Sources of the abridged case studies: Lemos, Ronaldo. 2010. “Creative Commons and Social Commons: Creativity and Innovation in the Global Peripheries,” In Intelligent Multimedia: Managing Creative Works in a Digital World, Daniele Bourcier, Pompeu Casanovas, Mélanie Dulong de Rosnay, Catharina Maracke, eds. Pp. 175-197. Florence Italy: European Press Academic Publishing; Copy/South Research Group. 2006. The Copy/South Dossier: Issues in the Economics, Politics and Ideology of Copyright in the Global South, Alan Story, Colin Darch, and Debora Halbert, eds; Rohter, Larry. 2007. “Gilberto Gil and the Politics of Music,” New York Times, March 12; Maciel, Marilia. 2011. “Brazilian Ministry of Culture Removes Creative Commons Licenses from its Website (Blogpost) http://infojustice.org/archives/867
Building on both resistance to US copyright regimes and interest in open source computer software, during the mid-2000s, Brazilians actively explored alternatives to copyright law. Especially influential was the appointment of the celebrated musician Gilberto Gil as culture minister (2003-2008). According to Gil, digital culture needed new approaches to intellectual property, and he thought an orientation towards sharing should inform government policies. Soon after his appointment, he formed an alliance with the fledgling US-based Creative Commons movement (founded in 2001). This more flexible system of licensing aimed to provide artists with greater control over their work, alongside increased opportunities for creators to sample, remix and copy work, while crediting the author (see glossary).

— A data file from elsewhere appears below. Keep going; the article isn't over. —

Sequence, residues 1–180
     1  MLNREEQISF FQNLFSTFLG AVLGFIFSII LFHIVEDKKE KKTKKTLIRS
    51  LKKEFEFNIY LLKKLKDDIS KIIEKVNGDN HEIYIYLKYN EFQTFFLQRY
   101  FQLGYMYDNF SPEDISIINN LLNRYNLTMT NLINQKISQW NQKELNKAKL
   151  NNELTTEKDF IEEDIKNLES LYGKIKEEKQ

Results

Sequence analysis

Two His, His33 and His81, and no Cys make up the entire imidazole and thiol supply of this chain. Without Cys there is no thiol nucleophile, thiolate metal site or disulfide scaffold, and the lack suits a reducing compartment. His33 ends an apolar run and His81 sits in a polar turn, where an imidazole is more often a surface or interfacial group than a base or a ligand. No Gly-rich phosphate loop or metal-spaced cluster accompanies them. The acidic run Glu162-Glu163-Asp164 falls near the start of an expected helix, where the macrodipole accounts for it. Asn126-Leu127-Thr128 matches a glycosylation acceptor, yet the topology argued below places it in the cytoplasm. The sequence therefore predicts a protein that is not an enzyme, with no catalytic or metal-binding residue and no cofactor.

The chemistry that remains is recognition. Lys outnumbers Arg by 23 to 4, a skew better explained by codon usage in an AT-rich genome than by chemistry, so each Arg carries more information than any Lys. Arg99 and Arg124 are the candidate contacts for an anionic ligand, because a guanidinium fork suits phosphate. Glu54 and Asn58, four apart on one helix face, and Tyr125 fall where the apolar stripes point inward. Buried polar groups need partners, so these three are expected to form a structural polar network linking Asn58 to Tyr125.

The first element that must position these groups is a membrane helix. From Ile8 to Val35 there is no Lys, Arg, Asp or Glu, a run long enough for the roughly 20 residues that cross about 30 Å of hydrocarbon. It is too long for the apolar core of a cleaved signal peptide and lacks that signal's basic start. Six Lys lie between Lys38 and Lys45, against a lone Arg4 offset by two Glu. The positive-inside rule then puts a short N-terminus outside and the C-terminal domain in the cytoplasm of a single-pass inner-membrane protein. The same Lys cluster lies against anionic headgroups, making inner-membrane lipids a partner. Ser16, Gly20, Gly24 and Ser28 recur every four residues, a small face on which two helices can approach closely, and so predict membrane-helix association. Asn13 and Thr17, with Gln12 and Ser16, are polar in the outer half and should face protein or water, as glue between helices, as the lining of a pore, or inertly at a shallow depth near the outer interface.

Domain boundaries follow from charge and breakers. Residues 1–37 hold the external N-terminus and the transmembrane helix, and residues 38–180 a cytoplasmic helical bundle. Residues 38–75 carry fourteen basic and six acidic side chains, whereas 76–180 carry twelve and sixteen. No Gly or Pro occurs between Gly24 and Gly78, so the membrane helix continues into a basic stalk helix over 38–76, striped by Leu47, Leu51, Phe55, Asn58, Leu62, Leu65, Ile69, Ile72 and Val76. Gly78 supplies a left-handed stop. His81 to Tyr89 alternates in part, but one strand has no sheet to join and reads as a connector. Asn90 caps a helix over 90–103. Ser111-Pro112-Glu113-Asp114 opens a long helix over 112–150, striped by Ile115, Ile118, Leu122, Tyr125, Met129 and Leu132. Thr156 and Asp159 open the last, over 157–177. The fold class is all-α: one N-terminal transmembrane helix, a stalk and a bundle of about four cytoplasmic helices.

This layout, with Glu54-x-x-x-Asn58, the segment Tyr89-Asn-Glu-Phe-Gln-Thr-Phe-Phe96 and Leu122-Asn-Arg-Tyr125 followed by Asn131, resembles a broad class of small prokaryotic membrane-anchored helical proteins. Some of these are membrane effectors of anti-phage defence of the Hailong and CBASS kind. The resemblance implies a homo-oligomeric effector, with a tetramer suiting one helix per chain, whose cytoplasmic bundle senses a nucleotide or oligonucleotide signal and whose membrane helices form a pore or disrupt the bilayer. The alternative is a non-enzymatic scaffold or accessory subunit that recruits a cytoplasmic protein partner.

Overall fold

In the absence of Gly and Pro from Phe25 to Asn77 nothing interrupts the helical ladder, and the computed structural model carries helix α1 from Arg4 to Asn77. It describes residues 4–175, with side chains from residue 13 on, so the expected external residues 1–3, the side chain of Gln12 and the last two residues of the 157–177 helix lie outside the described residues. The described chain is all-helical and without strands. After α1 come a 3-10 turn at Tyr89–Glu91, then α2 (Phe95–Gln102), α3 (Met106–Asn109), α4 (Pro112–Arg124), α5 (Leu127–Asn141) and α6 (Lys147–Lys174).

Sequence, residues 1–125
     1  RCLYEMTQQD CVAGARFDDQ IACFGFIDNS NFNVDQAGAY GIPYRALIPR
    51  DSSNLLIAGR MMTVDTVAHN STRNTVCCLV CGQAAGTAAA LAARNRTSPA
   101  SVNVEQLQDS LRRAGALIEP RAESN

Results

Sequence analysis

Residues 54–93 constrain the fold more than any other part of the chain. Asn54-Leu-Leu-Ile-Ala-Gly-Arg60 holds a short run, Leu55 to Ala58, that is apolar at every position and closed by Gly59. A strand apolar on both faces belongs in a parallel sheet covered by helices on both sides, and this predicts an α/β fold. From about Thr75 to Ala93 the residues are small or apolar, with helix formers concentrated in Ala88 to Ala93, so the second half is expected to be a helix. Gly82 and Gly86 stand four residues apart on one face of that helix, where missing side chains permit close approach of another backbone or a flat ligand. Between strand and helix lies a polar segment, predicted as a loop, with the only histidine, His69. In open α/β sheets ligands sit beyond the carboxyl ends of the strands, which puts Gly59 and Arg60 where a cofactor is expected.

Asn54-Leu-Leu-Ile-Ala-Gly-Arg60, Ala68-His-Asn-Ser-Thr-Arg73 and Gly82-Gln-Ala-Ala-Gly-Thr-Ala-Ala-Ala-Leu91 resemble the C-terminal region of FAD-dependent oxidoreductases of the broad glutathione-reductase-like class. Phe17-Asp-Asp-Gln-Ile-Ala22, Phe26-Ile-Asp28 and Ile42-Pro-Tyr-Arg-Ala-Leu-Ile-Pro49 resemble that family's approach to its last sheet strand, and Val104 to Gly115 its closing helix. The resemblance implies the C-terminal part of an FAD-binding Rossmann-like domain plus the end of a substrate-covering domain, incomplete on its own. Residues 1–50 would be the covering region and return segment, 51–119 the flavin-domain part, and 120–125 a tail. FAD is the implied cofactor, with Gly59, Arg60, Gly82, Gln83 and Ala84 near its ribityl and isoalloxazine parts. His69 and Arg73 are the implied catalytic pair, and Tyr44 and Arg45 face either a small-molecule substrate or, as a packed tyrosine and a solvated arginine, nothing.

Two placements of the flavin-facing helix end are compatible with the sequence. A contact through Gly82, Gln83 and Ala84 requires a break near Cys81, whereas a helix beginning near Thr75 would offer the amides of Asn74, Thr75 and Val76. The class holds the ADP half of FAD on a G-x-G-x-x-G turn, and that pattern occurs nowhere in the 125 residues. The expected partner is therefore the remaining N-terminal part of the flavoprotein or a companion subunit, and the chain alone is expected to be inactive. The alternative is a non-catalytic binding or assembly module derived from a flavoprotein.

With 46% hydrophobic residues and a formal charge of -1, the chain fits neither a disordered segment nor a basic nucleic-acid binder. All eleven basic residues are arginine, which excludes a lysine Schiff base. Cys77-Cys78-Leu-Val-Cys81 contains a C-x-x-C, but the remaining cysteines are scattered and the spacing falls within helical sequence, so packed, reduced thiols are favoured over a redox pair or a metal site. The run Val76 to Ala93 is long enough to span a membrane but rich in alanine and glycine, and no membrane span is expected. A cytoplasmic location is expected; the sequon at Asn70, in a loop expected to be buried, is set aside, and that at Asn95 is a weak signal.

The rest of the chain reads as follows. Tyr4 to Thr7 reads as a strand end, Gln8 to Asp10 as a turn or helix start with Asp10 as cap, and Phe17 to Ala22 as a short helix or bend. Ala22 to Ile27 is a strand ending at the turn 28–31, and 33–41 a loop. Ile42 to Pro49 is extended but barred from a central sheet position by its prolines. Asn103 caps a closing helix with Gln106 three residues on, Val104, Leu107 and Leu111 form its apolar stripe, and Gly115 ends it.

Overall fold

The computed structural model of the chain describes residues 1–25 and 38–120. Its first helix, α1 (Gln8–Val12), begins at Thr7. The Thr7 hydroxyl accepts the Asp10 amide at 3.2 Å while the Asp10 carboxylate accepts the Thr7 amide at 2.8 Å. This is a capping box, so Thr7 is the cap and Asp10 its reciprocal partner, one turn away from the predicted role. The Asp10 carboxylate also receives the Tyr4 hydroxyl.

Similar ideas of sharing, remixing, collective creation, and intellectual generosity also underlay the canto livre (‘free singing’) project, approved by the Ministry of Culture in 2005. Canto livre aimed to build an open and creative environment for Brazilian music including a Creative Commons licensed depository of digital music resources. However, open culture approaches have remained extremely controversial in Brazil. Many areas of copyright law (e.g. those that protect books) are fiercely policed and the new minister of culture, appointed in 2011, had the Creative Commons logo removed from the Culture Ministry website. Nonetheless, certain forms of music, such as tecnobrega, circulate entirely outside the copyright system, and can be considered part of the “social commons” as opposed to the “legal commons,” a distinction marked by Ronaldo Lemos, an academic and lawyer who is the project leader of Creative Commons Brazil. In tecnobrega, musicians gain their income from large-scale sound system parties; the CDs they produce are purely for promotion and handed free to street stall “pirate” vendors, who sell them at a low price.
- What advantages or disadvantages might Creative Commons have in relation to the current copyright system in Bolivia?
- What are the major challenges to governments wishing to develop alternative copyright regimes?
- Would the tecnobrega model, which works outside copyright, be relevant for many types of Bolivian music?